In addition, the default build process is mavenized. I had an extremely bad experience and ended up writing a simple ant build script to do what I want. It’d be nice if both were options–since lots of people come to JS1 looking to slap a portal together for cheap, rather than thrash around with a complex build process. (I’d say at least forty percent of the messages to the mailing list are build related–not a good sign.) I just went to a BJUG talk about Maven, and Thompson was persuasive, so I might give maven another chance.

All in all, though, I’ve been very happy with Jetspeed. I am looking forward to JS2; I wish the timing had been better so I could have used it on the current project.

Useful tools: p6spy

This entry kicks off a series of entries where I’ll examine some of my favorite tools for development. Some of them will be long, some short, but all of them will highlight software I use to make my life a bit easier.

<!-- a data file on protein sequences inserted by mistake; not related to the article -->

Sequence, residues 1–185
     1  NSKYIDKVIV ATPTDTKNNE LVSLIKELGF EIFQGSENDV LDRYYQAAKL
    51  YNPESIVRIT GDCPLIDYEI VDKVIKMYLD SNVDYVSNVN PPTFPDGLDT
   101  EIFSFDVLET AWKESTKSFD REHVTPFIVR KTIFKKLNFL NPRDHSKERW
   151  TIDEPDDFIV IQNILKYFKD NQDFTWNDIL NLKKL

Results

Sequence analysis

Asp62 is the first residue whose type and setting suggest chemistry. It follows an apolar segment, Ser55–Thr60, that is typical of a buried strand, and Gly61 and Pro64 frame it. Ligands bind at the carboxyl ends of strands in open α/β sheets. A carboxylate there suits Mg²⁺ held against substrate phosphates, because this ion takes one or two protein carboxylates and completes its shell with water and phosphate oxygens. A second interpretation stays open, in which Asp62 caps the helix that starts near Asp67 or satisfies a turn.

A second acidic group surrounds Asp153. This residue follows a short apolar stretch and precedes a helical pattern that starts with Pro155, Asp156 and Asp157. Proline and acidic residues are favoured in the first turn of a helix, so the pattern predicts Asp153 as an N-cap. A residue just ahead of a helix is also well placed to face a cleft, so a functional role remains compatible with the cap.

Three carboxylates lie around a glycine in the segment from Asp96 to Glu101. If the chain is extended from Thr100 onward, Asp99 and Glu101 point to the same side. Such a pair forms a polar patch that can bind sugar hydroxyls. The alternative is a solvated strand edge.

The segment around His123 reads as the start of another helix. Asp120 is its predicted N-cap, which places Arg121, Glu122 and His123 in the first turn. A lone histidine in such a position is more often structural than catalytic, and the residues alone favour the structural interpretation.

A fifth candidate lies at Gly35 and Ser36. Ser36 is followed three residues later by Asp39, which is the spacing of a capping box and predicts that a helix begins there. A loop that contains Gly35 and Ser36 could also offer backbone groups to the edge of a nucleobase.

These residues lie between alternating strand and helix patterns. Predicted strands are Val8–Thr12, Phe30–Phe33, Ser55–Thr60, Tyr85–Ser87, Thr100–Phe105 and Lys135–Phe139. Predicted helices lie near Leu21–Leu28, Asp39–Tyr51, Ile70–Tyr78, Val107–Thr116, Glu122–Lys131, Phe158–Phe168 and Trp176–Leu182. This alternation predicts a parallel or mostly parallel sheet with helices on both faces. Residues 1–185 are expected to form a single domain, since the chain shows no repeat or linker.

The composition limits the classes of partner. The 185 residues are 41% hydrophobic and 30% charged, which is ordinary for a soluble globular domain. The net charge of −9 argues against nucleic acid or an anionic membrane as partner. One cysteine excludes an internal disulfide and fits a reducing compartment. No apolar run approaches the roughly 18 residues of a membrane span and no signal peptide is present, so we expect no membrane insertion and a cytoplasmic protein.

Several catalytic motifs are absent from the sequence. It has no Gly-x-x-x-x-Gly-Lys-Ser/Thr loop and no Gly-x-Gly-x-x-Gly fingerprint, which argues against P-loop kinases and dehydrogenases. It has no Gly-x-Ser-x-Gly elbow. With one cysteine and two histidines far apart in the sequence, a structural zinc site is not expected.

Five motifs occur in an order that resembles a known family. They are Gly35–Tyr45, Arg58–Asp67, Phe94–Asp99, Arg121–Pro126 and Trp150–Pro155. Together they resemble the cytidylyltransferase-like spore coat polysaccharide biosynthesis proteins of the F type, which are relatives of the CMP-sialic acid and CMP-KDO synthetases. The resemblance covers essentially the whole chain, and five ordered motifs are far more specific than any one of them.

A large, large chunk of the development I do is taking data from a relational database to a an HTML screen, and back again. Often there are business rules for transforming the data, or validation rules, but making sure the data is stored safely and consistently is a high priority, and that means a relational database.

However, I do much of my work in java, which means that the relational-OO impedance mismatch is a common problem. One common way to deal with it is to use an OR tool–something like OJB or JDO. These tools provide object models of your database tables, usually with some help from you. You then have the freedom to pretend like your database doesn’t exist, and use these objects in your application. The OR framework takes care of the dirty work like SQL updates and caching.

Every convenience has its price, however, and OR mapping tools are no exception. The same abstraction that lets you pretend that you’re simply dealing with objects means that you cannot easily examine the SQL that is generated. In addition, the way that you’re using the objects may cause performance issues, because you’re treating the data as objects, rather than rows.